July 16 – December 31, 2010
The gardens of the 1891 Tampa Bay Hotel were touted as the most exotic in the country. This exhibit showcases the splendor of the gardens within the context of landscape design in the 19th century. It features historic images from brochures, newspapers, negative slides, and photographs, along with original decorative pieces and, in the current garden, historic garden markers.
Henry Plant hired German gardener and and horticulturist Anton Fiehe to assemble and catalogue over 150 species of tropical plants and flowers to landscape the hotels elaborate gardens. Porcelain garden seats from Japan, China, England and Germany adorned the walks. Glass conservatories supplied an abundance of flowers throughout the hotel regardless of weather. In the exhibit, whimsical garden seats of a monkey and a frog will charm Museum visitors.
On January 24, 1892, William Drysdale of the New York Times wrote “ Visitors from the city side of the river could approach the hotel by a paved street leading up to the main gateway. From here, broad walks led to the center of the buildings and spread out across the grounds past flowerbeds, fountains, palms, “banana plantations,” and beds of pineapples toward the river. Near the top of a rise, a bubbling spring ran to the river in a stream lined with palms, banana plants, flowers, and ferns. Immense beds of violets, pansies, roses in Victorian designs, and collections of fruit trees and tropical flowers occupied the spaces between the walks.” Two projectors will display oversized images of the hotel grounds and the hotel guests enjoying the gardens. This will give the Museum visitor the sense of truly experiencing the lush grounds.
Most famous of the treasures in the garden is the majestic live oak tree, under which, tradition says, De Soto camped when first he landed on this coast. It still stands noble today. After viewing Strolling in a Perfect Paradise, pick-up A Self Guide Tour of the Gardens and Grounds of the Tampa Bay Hotel. This guide will lead you to many sites which where present in 1891. Executive Director, Cynthia Gandee says, “Tampa residents are fortunate to have this magnificent Park nestled between the Museum and the Hillsborough River. Much of it is unchanged since the 1890’s. Henry Plant would be so pleased.”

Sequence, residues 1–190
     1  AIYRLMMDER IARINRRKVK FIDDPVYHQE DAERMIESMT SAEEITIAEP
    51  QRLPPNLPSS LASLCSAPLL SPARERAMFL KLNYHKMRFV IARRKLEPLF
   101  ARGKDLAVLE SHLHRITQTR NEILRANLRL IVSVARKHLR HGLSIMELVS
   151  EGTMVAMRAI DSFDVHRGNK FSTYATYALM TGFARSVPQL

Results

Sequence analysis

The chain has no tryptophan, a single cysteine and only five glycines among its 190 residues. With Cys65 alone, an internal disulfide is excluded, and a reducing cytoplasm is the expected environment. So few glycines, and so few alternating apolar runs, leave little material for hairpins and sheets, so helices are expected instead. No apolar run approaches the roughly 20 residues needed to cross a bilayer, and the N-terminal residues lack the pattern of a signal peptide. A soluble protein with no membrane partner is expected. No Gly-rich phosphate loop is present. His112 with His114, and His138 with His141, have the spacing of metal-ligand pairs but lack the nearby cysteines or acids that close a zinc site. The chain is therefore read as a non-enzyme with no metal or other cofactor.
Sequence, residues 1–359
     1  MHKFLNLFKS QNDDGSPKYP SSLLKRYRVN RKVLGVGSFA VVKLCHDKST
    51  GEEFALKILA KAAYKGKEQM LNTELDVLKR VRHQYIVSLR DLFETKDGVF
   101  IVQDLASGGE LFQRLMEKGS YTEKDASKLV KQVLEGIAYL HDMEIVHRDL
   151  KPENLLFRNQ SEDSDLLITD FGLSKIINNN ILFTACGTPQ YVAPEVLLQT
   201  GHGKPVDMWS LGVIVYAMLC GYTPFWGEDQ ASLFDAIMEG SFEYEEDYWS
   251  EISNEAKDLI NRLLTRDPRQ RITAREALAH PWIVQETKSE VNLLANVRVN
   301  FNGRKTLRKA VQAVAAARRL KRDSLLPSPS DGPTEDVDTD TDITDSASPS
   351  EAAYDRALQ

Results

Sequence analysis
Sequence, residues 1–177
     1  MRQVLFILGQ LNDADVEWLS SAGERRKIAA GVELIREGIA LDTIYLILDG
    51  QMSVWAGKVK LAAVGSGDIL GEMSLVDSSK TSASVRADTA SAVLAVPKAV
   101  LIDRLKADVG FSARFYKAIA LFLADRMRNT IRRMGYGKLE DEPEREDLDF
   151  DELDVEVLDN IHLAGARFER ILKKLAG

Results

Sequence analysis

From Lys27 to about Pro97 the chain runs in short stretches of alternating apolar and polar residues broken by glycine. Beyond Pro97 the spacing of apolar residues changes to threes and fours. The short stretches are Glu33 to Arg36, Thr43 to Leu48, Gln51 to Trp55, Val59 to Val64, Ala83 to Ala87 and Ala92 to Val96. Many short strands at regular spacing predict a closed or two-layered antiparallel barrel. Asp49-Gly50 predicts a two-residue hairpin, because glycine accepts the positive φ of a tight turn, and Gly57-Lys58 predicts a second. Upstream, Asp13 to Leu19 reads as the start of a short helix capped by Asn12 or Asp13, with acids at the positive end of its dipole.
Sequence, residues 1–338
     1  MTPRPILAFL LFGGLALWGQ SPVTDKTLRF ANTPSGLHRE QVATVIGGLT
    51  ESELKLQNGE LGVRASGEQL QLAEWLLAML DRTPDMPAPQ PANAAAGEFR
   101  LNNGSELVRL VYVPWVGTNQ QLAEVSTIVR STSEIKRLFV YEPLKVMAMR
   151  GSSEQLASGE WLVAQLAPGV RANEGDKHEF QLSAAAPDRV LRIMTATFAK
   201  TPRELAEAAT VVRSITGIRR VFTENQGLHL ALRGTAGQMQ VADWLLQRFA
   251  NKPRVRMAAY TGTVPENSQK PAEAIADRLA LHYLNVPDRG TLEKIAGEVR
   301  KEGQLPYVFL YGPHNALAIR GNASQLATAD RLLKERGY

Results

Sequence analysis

A postcard walking tour of the gardens, as they were known and experienced from 1891-1930, will be mounted in Plant Park for the duration of the exhibit. Friends of Plant Park will provide these signs and master gardeners to give monthly tours starting in September. Date and time of these tours to be determined.
In October, in conjunction with Strolling in a Perfect Paradise, photographers can enter their best photograph of Plant Park (the former garden spot for the Tampa Bay Hotel) in the Page Photography Contest. The top prize is $250 with another $250 contribution to the Henry B. Plant Museum in the winner's name. The winner's photograph will be on display during the Victorian Christmas Stroll. The top ten finalists will have their photographs displayed on the Museum's website and Facebook page. Contest rules will be posted by July 1, 2010.
Strolling in a Perfect Paradise is underwritten by Dr. and Mrs. Alfred N. Page.
Category: Past Exhibits